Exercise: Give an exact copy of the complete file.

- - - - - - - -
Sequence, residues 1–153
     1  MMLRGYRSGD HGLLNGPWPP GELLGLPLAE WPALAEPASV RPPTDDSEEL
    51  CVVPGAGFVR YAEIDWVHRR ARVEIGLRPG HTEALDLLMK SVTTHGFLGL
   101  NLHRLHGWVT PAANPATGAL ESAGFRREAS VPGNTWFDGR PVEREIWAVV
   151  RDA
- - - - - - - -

Sequence, residues 1–153
     1  MMLRGYRSGD HGLLNGPWPP GELLGLPLAE WPALAEPASV RPPTDDSEEL
    51  CVVPGAGFVR YAEIDWVHRR ARVEIGLRPG HTEALDLLMK SVTTHGFLGL
   101  NLHRLHGWVT PAANPATGAL ESAGFRREAS VPGNTWFDGR PVEREIWAVV
   151  RDA